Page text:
One thing led to another, and we became -- unexpectedly -- twice-blessed.
From Russia, with Love
My husband was waiting for me in the car when the phone rang. I should have let the call go to the answering machine, but on an impulse, I picked up. "We have a little girl for you," the agency director said. What? My mind was racing. How could they have a child for us so soon? We just sent in our initial application. "She's 4 years old, and when we saw her picture, we thought of you. Are you interested?" "Of course, we're interested." And so our story began.
In a Family Way
The picture came the next day, along with a two-page account of the beautiful little girl in Nizhny Novgorod, Russia, with the sad, troubled past. Nastia's big brown eyes stared into our very souls. Our decision was instant, before we read a word on the page. A good thing, too, because a surprise was waiting for us on page two. Under the heading "Siblings," it read, "Boy, age 10."
We had never planned to adopt siblings. The thought of two was very intimidating. But having sisters and a brother of my own, I could not imagine life without them, and I knew Nastia would feel the same way. We made the decision in a matter of minutes. I dialed the agency and greeted the director with a resounding "Yes!" Then I asked, "Could you tell us about her brother?" "Why," came the reply, "are you interested?" She seemed surprised. "Of course, he's her brother."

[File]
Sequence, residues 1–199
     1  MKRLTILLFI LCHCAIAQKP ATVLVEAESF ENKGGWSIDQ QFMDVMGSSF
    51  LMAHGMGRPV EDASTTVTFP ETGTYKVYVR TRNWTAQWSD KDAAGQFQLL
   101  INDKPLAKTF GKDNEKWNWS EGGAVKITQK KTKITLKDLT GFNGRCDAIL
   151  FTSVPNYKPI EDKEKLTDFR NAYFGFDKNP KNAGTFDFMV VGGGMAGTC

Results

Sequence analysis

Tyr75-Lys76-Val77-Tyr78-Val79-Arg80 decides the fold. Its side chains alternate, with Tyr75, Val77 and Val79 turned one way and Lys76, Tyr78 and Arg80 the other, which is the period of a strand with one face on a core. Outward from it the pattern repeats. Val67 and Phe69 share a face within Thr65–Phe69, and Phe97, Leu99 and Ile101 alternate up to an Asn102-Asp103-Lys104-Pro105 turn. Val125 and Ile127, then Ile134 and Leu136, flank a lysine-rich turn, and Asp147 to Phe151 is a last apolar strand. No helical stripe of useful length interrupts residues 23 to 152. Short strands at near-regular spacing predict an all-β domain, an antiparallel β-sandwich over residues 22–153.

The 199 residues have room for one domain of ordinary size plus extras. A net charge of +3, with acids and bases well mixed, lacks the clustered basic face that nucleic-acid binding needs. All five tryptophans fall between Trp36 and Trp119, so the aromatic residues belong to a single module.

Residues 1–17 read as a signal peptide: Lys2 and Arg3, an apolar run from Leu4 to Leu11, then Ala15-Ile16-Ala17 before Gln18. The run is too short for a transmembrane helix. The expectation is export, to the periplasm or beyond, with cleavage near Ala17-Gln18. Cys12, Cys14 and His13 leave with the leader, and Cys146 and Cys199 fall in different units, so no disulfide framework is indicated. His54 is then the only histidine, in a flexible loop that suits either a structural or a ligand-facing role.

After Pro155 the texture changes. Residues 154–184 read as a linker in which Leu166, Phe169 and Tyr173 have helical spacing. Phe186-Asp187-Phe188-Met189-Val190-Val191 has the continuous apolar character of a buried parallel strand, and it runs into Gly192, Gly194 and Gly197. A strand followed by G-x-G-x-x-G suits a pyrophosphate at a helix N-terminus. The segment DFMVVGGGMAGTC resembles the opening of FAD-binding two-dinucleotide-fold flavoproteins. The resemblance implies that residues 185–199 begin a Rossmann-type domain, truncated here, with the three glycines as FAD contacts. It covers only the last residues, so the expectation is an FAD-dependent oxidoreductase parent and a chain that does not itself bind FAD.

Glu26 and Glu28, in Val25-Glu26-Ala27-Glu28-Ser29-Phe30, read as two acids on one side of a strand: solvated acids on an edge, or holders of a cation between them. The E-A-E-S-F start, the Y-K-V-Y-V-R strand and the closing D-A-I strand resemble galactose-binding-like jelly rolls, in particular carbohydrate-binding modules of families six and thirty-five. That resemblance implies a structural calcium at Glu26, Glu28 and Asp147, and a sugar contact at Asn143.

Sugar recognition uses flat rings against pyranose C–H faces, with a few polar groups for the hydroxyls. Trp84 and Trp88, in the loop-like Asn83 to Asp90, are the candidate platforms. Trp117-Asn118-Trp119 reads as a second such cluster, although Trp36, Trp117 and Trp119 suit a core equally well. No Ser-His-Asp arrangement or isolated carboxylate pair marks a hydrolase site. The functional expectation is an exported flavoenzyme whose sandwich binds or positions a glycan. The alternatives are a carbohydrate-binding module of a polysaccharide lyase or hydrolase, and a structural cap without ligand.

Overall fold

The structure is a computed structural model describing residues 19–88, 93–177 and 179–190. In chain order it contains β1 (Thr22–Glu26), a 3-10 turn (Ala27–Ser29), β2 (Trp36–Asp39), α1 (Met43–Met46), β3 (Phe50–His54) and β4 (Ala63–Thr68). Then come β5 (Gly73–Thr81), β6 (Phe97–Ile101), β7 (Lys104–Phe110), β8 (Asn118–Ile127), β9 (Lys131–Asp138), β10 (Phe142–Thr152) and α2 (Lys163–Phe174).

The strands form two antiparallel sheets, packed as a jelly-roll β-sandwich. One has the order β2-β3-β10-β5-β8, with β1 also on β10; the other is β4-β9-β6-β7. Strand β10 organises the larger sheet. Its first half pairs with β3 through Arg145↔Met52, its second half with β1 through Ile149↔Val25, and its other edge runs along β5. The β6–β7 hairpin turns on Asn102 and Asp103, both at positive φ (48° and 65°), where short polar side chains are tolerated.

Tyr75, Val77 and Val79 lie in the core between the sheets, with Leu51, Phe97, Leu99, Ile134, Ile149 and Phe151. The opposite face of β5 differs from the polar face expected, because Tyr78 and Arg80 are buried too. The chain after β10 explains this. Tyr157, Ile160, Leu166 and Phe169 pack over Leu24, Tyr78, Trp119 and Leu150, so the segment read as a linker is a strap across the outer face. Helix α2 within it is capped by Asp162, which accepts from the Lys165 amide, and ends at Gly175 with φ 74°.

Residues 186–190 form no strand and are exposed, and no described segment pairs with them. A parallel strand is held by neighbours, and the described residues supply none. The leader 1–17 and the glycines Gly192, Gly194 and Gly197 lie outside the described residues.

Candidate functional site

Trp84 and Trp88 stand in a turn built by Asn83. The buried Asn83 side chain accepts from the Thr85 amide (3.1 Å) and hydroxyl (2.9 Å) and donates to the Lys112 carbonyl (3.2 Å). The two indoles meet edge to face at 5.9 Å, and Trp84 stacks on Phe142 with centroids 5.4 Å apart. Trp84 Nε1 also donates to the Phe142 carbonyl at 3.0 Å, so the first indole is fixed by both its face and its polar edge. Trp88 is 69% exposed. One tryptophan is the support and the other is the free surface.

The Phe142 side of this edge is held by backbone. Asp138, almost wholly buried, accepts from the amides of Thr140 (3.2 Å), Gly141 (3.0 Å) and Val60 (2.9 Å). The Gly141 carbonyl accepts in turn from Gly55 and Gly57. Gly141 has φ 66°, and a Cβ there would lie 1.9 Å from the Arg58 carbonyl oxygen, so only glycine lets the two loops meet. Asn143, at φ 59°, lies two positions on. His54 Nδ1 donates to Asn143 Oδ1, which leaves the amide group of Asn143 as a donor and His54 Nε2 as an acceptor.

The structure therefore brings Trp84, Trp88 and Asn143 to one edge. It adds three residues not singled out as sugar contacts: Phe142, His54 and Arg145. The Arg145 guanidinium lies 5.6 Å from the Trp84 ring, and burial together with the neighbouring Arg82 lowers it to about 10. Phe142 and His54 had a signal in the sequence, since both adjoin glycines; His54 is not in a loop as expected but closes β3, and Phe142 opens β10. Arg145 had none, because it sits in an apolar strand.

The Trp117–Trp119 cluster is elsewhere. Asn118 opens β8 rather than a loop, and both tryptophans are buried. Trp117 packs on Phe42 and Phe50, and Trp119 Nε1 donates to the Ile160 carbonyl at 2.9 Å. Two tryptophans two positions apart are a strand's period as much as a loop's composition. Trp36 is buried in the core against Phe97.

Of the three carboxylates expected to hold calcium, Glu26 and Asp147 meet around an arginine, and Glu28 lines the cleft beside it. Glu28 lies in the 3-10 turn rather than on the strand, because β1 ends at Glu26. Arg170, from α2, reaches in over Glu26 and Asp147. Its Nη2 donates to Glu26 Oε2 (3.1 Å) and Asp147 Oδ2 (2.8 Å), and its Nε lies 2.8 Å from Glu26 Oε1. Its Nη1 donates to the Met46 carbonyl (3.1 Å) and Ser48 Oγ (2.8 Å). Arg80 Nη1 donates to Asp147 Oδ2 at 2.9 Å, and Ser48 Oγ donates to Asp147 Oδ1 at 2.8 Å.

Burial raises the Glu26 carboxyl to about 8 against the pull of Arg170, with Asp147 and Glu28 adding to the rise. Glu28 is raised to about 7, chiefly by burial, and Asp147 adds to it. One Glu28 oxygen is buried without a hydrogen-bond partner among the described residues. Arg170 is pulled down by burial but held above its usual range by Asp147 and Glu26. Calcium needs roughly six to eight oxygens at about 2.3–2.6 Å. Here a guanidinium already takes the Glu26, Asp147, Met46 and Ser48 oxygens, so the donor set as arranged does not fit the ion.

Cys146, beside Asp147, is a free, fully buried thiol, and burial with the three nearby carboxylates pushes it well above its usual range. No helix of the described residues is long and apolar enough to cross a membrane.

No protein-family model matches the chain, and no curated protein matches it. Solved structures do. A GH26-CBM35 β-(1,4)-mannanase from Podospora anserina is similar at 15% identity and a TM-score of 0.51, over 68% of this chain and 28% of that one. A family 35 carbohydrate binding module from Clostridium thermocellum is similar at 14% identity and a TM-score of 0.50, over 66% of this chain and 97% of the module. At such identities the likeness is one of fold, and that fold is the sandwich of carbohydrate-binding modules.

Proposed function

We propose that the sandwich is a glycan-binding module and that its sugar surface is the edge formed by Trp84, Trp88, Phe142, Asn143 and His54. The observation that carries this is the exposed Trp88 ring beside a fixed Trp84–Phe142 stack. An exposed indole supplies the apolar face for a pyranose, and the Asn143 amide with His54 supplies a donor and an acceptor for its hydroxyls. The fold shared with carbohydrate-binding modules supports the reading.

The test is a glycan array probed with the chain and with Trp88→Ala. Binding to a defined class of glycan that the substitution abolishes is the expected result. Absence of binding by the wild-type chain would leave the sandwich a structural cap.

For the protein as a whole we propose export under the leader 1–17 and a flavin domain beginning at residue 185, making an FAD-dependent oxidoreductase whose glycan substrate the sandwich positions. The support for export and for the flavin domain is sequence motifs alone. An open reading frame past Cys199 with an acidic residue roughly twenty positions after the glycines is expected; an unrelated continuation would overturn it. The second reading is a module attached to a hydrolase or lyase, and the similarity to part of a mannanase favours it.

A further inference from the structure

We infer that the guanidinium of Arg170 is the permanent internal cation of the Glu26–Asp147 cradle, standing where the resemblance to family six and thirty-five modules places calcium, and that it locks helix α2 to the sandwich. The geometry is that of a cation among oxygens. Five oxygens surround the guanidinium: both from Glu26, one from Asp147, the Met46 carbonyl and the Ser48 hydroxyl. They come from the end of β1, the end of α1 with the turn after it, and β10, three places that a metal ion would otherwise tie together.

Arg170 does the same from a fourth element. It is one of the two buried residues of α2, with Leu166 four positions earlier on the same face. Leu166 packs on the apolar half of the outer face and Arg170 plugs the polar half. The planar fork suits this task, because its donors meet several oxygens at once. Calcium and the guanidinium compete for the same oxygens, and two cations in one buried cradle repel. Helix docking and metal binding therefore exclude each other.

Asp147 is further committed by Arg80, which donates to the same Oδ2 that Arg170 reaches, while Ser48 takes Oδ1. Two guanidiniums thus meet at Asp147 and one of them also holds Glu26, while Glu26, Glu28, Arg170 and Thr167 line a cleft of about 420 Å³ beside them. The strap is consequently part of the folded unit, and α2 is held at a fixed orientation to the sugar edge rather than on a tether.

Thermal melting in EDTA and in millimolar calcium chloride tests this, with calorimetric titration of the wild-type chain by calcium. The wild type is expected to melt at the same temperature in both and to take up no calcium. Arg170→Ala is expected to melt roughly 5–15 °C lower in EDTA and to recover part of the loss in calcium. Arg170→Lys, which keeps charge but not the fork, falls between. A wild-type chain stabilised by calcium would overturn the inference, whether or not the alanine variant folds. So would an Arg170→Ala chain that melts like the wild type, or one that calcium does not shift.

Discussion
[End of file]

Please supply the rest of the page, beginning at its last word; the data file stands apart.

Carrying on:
The months that followed, however, were not easy. A few months into the process, it became evident that we might not be able to find, much less adopt, Nastia's brother, Vanya. In fact, Nastia's adoption was plagued with delays. Finally, after a month in Russia, we returned home with our daughter.
Ties That Bind
Our first weeks with Nastia were joyful beyond words. But we had some unfinished business...we had to find a way to adopt Vanya. We started calling Russia -- and calling, and calling. We asked many questions: Where was he? Did Vanya and Nastia know about each other? Can someone help us find him?
Then Nastia, who was learning English, began to fill in some of the blanks. Every time she saw a school bus she would call out, "Vanya." As her vocabulary increased, so did her prayers, asking God to bless "Vanya, Babushka, and the little dog." She told stories of Vanya climbing trees, Vanya laughing and playing with her. Is this true? I wondered. Where is this boy? Will he ever be ours?
Finally, we got results. A photo arrived -- and Vanya looked like one tough boy! His head was shaved, and his stare was blank and troubled. Oh no! I thought. This is not what I had envisioned. I wasn't about to change my mind, but I was scared.
The next nine months were anxious ones for me, like a pseudo pregnancy, full of excitement, questions, and doubts. I realized how na?ve and unprepared we had been when adopting Nastia. Could I handle the challenges of a second child who might have serious problems? Could I truly love a child who might reject me?
Peace came the day we left for Moscow. I left my fears behind. I was going to get my son.